British Columbia Lt.-Gov. Janet Austin, Royal Canadian Legion BC and Yukon commander Angus Stanfield and Austin’s temporary aide-de-camp Glen Greenhill at Government House gather for the first poppy presentation, Oct. 26. (Kiernan Green/News Staff)

British Columbia Lt.-Gov. Janet Austin, Royal Canadian Legion BC and Yukon commander Angus Stanfield and Austin’s temporary aide-de-camp Glen Greenhill at Government House gather for the first poppy presentation, Oct. 26. (Kiernan Green/News Staff)

VIDEO: Lt. Gov. Janet Austin given first poppy of BC/Yukon Legion’s 100th remembrance campaign

Poppies will be available by donation through various organizations across Canada as of Oct. 29

To commence their 100th Remembrance Day campaign on Tuesday, the Royal Canadian Legion’s Command of B.C. and the Yukon presented 2021’s first poppy in support of veterans to B.C. Lt. Gov. Janet Austin.

The foyer of Government House on Rockland Avenue hosted the concise ceremony, which saw Legion BC/Yukon command president Angus Stanfield present the felt poppy to Austin following some remarks.

“This poppy displays our gratitude for the 117,000 who have given their lives for our freedom (in service with the Canadian military),” Stanfield told Austin, after asking that she convey the Legion’s fidelity to Queen Elizabeth.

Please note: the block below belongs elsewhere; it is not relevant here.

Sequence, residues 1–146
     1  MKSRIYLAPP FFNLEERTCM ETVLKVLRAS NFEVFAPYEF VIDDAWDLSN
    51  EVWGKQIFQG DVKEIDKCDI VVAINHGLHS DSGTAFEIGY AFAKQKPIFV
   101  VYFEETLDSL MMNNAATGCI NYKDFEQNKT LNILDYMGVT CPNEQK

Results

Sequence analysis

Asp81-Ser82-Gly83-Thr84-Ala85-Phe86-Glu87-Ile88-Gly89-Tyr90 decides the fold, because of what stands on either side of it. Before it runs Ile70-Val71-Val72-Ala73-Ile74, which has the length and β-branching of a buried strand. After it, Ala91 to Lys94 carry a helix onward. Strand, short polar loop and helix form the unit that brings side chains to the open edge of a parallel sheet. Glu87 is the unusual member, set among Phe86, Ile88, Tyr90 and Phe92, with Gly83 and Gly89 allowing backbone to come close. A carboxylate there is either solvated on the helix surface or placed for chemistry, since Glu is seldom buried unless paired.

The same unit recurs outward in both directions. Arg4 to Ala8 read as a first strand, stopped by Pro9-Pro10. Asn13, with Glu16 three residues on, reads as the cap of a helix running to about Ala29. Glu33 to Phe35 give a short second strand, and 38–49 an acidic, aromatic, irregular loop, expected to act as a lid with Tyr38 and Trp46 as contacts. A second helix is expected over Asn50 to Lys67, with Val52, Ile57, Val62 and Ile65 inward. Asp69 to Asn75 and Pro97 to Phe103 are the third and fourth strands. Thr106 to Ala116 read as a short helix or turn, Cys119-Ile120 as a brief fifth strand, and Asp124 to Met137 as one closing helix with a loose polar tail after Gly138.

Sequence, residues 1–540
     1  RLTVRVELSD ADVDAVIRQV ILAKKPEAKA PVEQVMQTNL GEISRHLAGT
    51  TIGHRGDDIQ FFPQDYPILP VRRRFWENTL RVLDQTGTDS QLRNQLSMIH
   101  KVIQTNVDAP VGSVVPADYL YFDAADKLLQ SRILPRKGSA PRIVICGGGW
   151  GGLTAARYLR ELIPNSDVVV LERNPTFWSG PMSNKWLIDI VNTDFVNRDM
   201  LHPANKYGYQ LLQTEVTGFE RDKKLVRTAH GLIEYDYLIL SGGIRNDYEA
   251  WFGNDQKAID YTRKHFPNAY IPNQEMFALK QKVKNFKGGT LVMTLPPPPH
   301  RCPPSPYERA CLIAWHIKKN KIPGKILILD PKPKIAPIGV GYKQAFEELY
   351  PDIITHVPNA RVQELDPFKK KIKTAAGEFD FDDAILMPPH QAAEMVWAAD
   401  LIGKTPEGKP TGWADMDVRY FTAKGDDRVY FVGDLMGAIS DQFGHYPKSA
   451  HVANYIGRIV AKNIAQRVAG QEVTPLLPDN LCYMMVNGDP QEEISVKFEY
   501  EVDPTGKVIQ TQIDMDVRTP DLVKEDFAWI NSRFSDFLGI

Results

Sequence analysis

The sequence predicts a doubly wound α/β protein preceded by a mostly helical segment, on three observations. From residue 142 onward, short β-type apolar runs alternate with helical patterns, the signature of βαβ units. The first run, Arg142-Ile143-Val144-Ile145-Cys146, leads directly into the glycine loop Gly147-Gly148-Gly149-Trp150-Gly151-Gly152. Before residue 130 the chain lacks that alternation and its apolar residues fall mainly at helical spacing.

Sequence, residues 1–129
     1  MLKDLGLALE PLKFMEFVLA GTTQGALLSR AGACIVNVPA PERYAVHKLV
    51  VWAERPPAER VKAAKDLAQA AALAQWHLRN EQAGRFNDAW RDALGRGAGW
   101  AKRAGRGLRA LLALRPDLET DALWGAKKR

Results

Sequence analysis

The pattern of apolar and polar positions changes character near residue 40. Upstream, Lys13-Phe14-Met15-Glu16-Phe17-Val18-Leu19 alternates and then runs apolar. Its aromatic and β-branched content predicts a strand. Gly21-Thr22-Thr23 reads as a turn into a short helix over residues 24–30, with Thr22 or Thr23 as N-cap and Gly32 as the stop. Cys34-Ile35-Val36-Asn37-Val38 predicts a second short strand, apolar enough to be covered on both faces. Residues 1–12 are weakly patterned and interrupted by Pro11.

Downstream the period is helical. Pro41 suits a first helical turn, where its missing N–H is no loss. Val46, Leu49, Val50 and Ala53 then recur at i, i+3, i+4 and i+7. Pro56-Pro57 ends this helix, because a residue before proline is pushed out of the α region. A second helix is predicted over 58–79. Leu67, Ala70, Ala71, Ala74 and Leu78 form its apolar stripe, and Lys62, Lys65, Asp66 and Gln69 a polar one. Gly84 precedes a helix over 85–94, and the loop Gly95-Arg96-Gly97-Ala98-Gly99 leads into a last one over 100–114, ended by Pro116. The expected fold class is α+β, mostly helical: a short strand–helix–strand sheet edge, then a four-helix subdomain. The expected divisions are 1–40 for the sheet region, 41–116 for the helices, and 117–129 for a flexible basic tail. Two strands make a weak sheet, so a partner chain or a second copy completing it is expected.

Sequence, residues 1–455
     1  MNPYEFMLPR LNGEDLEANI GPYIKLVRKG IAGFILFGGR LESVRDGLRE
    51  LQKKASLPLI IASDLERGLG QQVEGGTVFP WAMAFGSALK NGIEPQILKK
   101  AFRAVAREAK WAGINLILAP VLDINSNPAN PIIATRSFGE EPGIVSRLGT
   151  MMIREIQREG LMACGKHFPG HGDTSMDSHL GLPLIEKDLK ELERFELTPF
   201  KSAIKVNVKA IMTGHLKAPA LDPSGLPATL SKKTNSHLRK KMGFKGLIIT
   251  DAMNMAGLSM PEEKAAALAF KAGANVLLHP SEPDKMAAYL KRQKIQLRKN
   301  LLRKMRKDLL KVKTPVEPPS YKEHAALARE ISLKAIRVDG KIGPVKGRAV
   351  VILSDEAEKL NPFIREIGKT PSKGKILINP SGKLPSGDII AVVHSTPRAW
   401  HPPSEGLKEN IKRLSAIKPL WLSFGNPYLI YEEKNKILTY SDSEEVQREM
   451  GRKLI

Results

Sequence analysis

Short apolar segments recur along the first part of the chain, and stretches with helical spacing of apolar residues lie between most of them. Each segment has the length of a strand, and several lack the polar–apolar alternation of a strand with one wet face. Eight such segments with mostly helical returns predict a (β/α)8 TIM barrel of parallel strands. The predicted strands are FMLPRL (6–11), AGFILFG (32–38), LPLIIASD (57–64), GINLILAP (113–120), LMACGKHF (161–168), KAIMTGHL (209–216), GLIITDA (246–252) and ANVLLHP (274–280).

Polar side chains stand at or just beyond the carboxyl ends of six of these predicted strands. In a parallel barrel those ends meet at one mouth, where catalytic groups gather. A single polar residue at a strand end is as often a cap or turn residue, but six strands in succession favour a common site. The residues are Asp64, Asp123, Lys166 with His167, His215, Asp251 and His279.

“Thanks to the millions of Canadians that wear a poppy every year, the memory of men and women in our country who died in the defence of our ideals, to ensure our freedom and democratic way of life, lives on.”

Austin thanked Stanfield for the Legion’s work in ensuring the memory of Canadian military sacrifices through initiatives such as their annual poppy campaign.

“This is an opportunity for us all to remember what veterans in British Columbia and Canada have done to preserve and protect our way of life,” she said. “We need to honour the many sacrifices they’ve made in the privilege of serving all of us.”

READ ALSO: Oak Bay tentatively plans in-person, streamed Remembrance Day service

The Royal Canadian Legion has run the poppy campaign in support of programs for veterans and their families since they were called the Great War Veterans’ Association in 1921, according to their website.

Last year’s campaign saw $4.4 million donated across B.C. and the Yukon, Stanfield said. Oct. 25 also saw Royal Canadian Legion grand president Larry Murray present a poppy to the Gov.-Gen. Mary Simon at Rideau Hall in Ottawa.

As of Oct. 29, poppies will be available by donation at several organization branches across Canada.

BC governmentRoyal Canadian LegionVeterans